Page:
Critic Blasts Plan to Rescue U.S. Carmakers

Peter Morici, professor of logistics, business and public policy at University of Maryland's Smith School of Business, opposes a government bailout for General Motors. He says without a viable plan for future profitability, neither GM nor other Detroit automakers should get help.

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ROBERT SIEGEL, host:

There are people who oppose a GM bailout and who say, let Detroit fail. One of them is Peter Morici, an economist who teaches at the University of Maryland's School of Business. Professor Morici, why not come to the aid of a carmaker that employs tens of thousands of people, and some would say much more than that in related companies?

Professor PETER MORICI (Logistics, Business and Public Policy, Robert H. Smith School of Business, University of Maryland): Well, General Motors doesn't have a clean turnaround plan. When we helped out Lee Iacocca's Chrysler, Iacocca had a plan to make the company competitive again, and he succeeded. Rick Wagoner who leads General Motors at this time has had several plans to turn around GM, and they've all failed. Essentially, General Motors brings product to market too slowly at too high a cost, and its production costs are too high. A bailout doesn't solve the problem unless the taxpayer wants to get in the business of sending cash to General Motors every year to subsidize its payroll.

SIEGEL: If in fact the federal government had expected that much of the banks, would they be investing money right now? There seem to be a lot of banks that are improvising and don't have a clear plan for what they're going to do.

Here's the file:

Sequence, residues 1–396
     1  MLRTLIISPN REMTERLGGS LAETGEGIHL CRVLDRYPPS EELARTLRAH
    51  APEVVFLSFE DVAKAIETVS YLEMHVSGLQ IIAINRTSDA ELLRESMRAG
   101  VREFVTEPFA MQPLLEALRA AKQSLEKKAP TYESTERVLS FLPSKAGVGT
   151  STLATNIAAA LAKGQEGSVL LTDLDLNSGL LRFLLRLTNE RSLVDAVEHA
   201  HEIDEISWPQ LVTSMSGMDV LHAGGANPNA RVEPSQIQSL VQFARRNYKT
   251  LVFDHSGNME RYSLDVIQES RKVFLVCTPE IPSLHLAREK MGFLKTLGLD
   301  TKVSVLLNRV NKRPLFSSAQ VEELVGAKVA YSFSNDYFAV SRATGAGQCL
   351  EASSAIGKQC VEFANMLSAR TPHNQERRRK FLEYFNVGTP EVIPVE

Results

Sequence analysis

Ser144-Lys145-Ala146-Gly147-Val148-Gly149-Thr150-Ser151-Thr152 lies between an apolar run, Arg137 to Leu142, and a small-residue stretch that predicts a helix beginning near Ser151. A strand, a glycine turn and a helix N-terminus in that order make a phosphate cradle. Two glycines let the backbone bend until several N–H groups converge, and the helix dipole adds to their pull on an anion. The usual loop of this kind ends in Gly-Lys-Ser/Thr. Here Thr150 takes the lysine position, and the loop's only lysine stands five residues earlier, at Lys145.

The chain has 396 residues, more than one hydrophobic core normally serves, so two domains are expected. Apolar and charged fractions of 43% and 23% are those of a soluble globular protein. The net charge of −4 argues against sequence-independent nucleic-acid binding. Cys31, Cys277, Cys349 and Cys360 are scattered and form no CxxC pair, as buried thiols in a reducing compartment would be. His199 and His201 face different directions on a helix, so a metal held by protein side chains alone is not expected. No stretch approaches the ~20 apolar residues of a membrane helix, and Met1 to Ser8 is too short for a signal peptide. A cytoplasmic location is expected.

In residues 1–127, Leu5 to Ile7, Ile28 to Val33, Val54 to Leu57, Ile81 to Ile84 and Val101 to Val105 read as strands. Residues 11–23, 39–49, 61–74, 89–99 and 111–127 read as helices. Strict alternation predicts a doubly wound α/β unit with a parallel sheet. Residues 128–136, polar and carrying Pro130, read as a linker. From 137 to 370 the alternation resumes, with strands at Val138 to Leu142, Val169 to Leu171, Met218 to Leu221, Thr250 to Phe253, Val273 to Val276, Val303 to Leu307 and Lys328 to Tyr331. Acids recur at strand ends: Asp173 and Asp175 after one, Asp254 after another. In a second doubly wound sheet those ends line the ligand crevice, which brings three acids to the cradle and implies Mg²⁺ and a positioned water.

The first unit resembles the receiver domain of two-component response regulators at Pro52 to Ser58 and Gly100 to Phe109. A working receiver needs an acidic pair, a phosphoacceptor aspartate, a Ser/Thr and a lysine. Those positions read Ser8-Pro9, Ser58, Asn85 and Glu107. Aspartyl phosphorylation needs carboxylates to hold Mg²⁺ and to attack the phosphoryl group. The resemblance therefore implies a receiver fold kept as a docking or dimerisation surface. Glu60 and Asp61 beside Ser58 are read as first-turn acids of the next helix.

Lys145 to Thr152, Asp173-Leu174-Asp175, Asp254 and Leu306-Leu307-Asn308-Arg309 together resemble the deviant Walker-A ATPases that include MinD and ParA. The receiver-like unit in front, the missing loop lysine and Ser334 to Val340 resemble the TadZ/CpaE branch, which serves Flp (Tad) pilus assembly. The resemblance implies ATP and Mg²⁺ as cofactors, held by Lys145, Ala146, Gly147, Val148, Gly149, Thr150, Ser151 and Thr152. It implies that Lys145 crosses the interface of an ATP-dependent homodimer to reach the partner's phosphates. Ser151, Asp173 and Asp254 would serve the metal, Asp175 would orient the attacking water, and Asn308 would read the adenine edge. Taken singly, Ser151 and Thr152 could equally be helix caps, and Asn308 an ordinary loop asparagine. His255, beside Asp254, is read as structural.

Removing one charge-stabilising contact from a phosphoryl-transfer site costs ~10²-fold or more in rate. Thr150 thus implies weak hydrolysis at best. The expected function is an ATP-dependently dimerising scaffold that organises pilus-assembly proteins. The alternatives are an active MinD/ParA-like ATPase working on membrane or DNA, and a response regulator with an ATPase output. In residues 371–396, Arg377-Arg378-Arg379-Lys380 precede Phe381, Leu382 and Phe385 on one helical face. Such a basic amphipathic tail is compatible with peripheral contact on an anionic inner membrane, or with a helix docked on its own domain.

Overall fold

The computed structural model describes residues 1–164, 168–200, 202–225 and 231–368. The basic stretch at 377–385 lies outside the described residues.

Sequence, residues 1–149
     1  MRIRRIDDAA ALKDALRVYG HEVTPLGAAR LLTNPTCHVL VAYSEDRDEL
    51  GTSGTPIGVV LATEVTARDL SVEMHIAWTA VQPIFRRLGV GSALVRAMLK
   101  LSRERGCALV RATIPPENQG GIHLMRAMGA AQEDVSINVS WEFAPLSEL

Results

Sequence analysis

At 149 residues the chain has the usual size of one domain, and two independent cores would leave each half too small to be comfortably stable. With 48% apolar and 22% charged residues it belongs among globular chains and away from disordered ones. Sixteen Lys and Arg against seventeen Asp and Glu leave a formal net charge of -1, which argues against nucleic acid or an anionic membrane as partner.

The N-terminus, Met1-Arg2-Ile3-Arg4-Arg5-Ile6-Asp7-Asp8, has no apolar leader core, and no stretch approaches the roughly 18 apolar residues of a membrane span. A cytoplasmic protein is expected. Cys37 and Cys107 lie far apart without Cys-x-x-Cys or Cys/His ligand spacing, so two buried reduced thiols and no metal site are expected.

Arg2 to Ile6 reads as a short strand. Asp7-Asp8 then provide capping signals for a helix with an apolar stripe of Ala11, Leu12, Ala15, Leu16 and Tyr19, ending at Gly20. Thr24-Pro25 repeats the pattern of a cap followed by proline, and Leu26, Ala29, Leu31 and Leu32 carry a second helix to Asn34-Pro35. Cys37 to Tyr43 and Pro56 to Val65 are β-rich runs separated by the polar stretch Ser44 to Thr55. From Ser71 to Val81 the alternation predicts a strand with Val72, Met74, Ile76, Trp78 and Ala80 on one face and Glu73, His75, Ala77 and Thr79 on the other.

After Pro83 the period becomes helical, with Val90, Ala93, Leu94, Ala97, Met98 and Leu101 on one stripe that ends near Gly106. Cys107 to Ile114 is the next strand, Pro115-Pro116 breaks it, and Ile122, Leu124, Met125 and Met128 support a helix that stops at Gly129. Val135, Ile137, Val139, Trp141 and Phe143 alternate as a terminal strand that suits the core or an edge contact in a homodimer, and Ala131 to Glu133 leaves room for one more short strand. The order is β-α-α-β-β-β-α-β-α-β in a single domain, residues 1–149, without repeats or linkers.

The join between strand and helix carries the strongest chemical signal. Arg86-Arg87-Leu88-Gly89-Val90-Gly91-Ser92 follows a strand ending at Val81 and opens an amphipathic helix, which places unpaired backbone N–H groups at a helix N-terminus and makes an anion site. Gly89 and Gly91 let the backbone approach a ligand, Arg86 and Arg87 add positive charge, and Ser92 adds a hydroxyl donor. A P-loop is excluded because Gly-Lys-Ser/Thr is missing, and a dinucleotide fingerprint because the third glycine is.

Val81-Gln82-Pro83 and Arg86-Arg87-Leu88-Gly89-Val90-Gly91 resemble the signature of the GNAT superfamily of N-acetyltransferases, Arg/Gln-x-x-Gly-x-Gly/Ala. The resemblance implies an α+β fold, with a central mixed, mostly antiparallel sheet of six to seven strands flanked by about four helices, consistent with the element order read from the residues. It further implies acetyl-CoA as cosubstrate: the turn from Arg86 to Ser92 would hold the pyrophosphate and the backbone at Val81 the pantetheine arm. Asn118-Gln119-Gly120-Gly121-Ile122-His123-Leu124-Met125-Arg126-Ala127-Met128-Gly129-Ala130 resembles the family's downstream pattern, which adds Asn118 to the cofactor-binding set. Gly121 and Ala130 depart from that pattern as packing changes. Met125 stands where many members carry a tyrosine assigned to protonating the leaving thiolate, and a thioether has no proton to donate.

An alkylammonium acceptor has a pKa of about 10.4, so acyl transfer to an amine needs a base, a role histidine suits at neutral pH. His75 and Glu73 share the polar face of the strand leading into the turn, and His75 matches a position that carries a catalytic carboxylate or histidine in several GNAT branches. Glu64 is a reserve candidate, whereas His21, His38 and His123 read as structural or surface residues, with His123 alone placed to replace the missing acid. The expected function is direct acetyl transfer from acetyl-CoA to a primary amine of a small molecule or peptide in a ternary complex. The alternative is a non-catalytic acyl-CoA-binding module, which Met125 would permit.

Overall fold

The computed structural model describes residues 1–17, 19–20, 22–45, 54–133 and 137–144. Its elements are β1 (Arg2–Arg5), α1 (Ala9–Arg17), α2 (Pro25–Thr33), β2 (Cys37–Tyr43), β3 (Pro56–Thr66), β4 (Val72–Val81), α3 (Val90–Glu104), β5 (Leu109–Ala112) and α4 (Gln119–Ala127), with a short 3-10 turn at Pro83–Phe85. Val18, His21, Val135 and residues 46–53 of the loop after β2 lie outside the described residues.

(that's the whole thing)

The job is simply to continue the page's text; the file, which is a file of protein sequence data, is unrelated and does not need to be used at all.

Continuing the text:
Professor MORICI: The bailout of the banks was necessary, but the Treasury demanded too little of the banks. And I expect that within a few years, several of them will be in trouble again. If we're going to assist banks, car companies, or whatever because they are large employers or they're vital to the economy, they have to have good plans to make themselves permanently vital so that they can continue to contribute to the economy without additional aid.

SIEGEL: But at this point, GM is in a different situation from, say, Chrysler back in 1979. And that Chrysler didn't face the global credit crisis that GM does right now. What alternative does GM have? You can't very well say, well, go to the credit markets and get some money to tide you over. Nobody's lending.

Professor MORICI: Even if we did not have a global credit crisis, I doubt that General Motors would be able to borrow much more money. General Motors has had one turnaround plan after another over the last 10 years. None of them have achieved results. It's been in a constant downsizing mode, and it's getting to the point where no one really expects all three of the Detroit automakers to be around long term. The question is which one fails? That shouldn't be the one that doesn't get a federal check.

SIEGEL: Should it be a condition or a de facto condition of support for GM that Mr. Wagoner should go?